How Nesta gets health experts to ‘share power’

To most people, terms like user-centred design, co-creation and agile working are terms which scream Silicon Valley. It might be surprising to hear that these principles are shaping health and care services much closer to home.

In places up and down the country, from Dorset to Stockport, Nesta’s People Powered Results team are helping health and care professionals implement what they call ‘people-powered’ health. Through 100 Day Challenges, Nesta supports teams to co-produce health and social care programmes with diverse groups of experts and patients.

“Health and social care systems often find themselves operating in a command and control way. There’s a place for KPIs, set deliverables and tightly controlled plans but we know complex challenges need a different approach. 100 Day Challenges are about creating conditions for leaders and those closest to the work to experiment with how change is done, and play with the rules and roles they operate in,” says Sophie McKechnie, Programme Manager at Nesta’s Health Lab.

100 Day Challenges are an antidote to this: a stimulus for innovation. Across the UK, from Stockton to Scotland, Nesta has been working to support teams and systems to trial new ways of working, as this video illustrates:

 

People Powered Results builds on Nesta’s work in health and co-production in driving forward more collaborative and inclusive methods of change. Ones which involves professionals, people using services, their families, and communities. Crucially, this approach involves people like commissioners sharing power in new ways across organisations and places. It’s giving patients and front-line professionals a say – remarkable in a tightly-controlled sector like health and social care.

Nesta’s approach is to choreograph the 100 days of activity which brings multi-disciplinary groups together to solve health and social care problems. This has been used to support people at end of life in Bolton, transform children’s care in Essex and to support to live well with long-term conditions in Lincolnshire. By setting milestones and facilitating new team structures and ways of working, they create space for new ideas and free people from some of the day to day politics.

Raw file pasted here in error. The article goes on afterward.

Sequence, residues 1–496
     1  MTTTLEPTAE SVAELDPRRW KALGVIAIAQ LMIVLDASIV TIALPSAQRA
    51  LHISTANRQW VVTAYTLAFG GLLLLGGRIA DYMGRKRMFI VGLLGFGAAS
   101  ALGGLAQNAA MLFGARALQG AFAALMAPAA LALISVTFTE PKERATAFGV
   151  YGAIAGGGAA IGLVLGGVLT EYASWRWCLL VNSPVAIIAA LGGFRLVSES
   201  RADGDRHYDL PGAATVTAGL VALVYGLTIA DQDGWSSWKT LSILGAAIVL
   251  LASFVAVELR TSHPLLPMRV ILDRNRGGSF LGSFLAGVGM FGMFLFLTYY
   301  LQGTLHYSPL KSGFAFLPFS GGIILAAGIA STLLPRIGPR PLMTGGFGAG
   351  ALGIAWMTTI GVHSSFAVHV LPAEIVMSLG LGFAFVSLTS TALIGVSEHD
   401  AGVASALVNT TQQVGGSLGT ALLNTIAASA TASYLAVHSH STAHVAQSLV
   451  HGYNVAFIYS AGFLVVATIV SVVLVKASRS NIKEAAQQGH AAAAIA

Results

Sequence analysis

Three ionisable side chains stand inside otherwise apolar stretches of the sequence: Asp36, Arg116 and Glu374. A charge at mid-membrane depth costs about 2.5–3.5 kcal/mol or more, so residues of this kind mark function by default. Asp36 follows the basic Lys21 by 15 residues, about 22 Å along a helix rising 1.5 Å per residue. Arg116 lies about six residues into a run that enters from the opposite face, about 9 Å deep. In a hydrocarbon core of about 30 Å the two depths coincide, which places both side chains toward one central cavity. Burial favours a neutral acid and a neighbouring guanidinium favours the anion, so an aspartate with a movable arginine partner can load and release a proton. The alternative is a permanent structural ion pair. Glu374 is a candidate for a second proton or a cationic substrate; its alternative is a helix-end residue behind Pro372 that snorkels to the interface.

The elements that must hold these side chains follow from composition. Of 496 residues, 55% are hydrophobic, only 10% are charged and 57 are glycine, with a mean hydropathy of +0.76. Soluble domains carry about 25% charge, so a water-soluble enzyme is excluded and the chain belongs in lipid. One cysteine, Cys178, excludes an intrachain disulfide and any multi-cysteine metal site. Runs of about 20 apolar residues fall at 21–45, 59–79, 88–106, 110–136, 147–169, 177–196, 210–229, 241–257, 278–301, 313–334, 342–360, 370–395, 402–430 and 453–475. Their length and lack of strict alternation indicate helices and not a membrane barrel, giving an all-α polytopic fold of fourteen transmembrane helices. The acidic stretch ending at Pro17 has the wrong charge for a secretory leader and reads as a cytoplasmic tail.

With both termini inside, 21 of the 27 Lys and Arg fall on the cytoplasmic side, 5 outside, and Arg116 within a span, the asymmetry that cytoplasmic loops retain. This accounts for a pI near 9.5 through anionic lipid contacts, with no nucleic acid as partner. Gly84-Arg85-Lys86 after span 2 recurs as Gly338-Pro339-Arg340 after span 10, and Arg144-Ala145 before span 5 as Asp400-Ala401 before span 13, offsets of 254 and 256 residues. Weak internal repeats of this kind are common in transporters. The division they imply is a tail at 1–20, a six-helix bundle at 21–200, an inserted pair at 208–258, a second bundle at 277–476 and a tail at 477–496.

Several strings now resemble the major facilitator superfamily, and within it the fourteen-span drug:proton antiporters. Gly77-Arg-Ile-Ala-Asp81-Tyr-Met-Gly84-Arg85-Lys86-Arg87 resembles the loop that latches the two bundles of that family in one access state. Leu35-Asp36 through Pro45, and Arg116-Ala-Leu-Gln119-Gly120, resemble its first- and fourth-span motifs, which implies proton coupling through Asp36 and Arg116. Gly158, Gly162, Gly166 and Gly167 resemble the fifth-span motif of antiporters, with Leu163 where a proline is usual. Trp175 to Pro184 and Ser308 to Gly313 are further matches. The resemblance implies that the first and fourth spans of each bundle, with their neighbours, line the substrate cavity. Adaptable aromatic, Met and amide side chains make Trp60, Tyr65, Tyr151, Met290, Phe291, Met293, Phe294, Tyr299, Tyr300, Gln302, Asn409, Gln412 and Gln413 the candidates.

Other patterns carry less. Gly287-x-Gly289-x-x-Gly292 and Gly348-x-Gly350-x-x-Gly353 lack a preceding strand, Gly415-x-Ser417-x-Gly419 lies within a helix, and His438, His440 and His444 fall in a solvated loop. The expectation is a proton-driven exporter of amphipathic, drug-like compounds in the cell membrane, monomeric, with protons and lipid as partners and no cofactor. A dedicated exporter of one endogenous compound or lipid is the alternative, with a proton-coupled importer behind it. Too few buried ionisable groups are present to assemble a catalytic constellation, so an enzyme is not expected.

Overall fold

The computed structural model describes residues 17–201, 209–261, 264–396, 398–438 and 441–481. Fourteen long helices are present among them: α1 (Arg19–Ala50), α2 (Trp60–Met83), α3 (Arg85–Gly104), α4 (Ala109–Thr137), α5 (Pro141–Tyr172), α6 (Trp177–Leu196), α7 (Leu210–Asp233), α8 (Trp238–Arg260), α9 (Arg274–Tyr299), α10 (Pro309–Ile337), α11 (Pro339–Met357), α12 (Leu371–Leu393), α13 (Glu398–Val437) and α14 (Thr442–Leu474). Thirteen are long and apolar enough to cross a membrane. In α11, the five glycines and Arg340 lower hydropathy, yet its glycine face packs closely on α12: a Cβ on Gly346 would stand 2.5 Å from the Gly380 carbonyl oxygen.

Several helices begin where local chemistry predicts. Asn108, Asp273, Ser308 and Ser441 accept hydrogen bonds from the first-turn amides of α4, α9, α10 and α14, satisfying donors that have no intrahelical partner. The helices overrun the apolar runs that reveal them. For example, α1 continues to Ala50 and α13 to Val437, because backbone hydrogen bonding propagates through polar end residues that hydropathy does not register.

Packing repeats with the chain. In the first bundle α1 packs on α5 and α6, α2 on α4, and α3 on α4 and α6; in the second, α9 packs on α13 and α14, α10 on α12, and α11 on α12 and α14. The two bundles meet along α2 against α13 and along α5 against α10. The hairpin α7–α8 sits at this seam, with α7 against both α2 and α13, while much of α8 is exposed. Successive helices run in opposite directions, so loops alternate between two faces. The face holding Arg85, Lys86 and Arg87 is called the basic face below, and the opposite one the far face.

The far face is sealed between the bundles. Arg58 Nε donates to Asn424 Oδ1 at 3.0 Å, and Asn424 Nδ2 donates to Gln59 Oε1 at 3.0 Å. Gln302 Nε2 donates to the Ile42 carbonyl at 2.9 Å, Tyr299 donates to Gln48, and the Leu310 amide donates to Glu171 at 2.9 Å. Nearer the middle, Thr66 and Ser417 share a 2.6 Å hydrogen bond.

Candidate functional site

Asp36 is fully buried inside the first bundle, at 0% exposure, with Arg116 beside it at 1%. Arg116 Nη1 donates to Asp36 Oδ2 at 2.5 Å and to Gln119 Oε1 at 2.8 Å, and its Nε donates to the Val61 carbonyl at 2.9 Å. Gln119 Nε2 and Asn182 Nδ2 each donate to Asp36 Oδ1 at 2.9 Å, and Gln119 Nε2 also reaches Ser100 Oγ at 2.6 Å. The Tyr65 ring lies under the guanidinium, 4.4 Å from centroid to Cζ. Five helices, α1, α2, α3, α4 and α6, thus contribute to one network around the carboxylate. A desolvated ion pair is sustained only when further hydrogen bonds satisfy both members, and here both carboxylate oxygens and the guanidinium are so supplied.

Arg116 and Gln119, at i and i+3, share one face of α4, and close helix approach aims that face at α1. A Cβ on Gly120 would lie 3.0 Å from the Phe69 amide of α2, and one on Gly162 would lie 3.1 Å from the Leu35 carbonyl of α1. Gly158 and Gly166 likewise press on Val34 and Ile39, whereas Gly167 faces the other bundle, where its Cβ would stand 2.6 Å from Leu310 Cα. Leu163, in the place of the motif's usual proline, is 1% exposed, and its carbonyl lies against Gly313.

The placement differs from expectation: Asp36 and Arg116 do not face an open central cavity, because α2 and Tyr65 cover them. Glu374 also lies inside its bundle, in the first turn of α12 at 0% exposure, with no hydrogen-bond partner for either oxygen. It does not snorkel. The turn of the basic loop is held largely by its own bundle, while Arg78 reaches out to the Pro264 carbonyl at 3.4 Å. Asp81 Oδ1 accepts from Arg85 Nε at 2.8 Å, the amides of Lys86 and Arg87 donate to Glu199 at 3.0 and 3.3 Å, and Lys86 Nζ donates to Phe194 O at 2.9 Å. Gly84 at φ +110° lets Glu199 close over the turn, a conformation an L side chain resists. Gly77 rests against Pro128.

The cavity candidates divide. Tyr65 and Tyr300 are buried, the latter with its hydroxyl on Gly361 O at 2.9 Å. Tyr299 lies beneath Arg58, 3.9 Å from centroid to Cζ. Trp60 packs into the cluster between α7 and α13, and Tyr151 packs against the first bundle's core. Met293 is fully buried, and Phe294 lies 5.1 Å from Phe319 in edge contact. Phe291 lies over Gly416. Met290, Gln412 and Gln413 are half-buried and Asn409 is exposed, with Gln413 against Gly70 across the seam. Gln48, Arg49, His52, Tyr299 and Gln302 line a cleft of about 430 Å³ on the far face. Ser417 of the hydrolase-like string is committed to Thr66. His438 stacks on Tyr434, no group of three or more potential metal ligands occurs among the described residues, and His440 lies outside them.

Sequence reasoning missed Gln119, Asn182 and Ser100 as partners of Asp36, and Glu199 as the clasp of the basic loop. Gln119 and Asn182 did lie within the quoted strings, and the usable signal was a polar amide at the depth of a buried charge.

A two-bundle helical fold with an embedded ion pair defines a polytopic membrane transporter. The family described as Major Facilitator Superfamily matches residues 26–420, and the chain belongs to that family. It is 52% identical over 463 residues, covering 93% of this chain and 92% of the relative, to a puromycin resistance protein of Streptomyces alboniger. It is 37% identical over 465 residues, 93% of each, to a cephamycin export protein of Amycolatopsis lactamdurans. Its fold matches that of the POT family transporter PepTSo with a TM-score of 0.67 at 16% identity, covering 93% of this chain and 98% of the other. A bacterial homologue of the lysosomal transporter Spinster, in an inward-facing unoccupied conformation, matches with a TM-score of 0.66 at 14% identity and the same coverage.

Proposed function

“We encourage leaders to share power differently,” adds Catherine Russell, also of Nesta Health Lab. “We get them thinking less about needing to be the experts and more about creating the right conditions for people with hands-on experience to find new solutions.”

This user-centric organising and design method isn’t entirely new to the health and social care sector. NHS Digital has been implementing new ways of working to create digital services. But in truth, top-down, command-and-control commissioning remains the norm in this space.

“We recognise this approach is highly counter-cultural.”

“It’s an uncomfortable place to be when commissioners want results and deliverables. But with any approach in this sector, there’s no guarantee that things are going to work. By bringing in experimentation and iterative working styles, we’re helping people change the way they think about failure, which is so important,” Russell said.

Losing Control is championing the movement to change that. It’s a space designed to promote these participatory approaches to organising, campaigning and design. Both McKechnie and Russell will host a session to share these methods at the next Losing Control event in Birmingham.

True to the spirit of the event and their day-to-day work, their session will be user-led and highly participatory.

“We’re using the session to illustrate the point that it’s much more valuable to have a really diverse group coming up with ideas than just one person,” said McKechnie.

“We’ll model how it feels to be in the 100-day challenge. We’re really serious about play, and work being joyful, liberating and energising.”

“We’re hoping people will leave with practical ideas for how to use experimentation to play with power and redefine rules in their own organisations. We’ll leave space for people to discuss these ideas in groups and reflect as individuals.”

Find out more about Sophie McKechnie & Catherine Russell’s session ‘Losing Control in 100 days: can action and experimentation redefine the rules in complex systems?’ and read the rest of the Losing Control programme here.

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